Grimsthorpe is a hamlet in the South Kesteven district of Lincolnshire, England. It is situated on the A151 road, and 3 miles (5 km) north-west from Bourne. Grimsthorpe falls within the civil parish of Edenham Grimsthorpe Elsthorpe & Scottlethorpe.
Grimsthorpe Castle is 500 yards (460 m) to the west.
John Marius Wilson's 1872 Imperial Gazetteer of England and Wales described Grimsthorpe as:
a hamlet in Edenham parish, Lincoln; on the river Glen, 1½ mile W of Edenham village. Pop., 135. Grimsthorpe Park was the seat once of the Duke of Ancaster, afterwards of Lord Gwyder; is now the seat of Lord Willinghby d'Eresby; was built partly in the time of Henry III., but principally by the Duke of Suffolk, to entertain Henry VIII.; is a large, irregular, but magnificent structure; and stands in an ornate park, abint 16 miles in circuit. A Cistertian abbey, founded about 1451, by the Earl of Albemarle, and called Vallis Dei, or, vulgarly, Vaudy, formerly stood in the park, about a mile from the castle.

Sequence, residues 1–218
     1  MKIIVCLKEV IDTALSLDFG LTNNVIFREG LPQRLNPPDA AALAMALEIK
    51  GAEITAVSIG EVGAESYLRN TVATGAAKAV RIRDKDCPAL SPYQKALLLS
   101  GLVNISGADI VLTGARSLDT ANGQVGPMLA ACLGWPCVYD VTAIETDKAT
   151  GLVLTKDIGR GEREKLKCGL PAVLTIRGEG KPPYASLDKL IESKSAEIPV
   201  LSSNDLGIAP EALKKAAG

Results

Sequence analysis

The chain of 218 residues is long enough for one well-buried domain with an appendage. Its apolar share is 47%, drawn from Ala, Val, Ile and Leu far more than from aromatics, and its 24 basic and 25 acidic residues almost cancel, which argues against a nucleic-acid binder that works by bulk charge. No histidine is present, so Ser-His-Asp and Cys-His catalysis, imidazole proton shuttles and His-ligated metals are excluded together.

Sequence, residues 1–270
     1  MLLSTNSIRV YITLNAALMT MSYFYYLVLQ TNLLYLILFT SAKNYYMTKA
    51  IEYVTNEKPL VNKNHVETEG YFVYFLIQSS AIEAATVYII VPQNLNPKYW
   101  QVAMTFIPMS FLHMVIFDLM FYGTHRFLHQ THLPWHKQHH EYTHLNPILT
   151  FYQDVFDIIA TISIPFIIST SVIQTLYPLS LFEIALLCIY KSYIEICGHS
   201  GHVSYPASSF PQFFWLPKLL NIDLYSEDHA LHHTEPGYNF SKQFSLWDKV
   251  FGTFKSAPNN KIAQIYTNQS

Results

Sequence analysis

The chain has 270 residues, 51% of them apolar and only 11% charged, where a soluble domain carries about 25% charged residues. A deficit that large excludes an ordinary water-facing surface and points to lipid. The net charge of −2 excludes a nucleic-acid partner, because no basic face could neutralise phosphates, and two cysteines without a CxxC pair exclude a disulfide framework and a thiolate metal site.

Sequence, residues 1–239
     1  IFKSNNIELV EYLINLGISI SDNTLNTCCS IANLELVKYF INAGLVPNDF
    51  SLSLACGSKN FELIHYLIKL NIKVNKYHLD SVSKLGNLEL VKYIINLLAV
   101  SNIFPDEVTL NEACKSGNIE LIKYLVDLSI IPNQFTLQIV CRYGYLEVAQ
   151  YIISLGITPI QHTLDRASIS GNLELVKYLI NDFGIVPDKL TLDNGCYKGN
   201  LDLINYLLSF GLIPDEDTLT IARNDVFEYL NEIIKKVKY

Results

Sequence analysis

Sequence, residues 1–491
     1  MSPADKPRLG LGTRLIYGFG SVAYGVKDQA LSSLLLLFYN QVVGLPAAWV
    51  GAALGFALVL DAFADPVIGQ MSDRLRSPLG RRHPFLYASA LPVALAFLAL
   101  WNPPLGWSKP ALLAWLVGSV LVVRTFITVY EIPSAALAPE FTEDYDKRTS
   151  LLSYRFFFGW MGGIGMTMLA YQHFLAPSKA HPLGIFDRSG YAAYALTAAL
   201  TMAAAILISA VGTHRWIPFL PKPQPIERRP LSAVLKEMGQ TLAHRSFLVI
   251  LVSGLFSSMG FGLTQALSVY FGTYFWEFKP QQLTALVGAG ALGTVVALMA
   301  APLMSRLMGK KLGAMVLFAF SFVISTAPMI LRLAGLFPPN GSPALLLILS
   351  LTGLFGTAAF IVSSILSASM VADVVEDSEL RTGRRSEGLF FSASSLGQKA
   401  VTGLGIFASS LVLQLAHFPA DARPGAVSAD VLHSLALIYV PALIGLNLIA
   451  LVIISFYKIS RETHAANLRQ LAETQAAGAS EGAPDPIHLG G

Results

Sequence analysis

Vaudey Abbey was a Cistercian abbey founded in 1147, dissolved in 1536. The Abbey and its commercial quarries became part of Grimsthorpe Park. The park itself is mentioned in the Domesday Book.
The majority of employment in the village is in agriculture, at Grimsthorpe Castle, or at the Black Horse public house.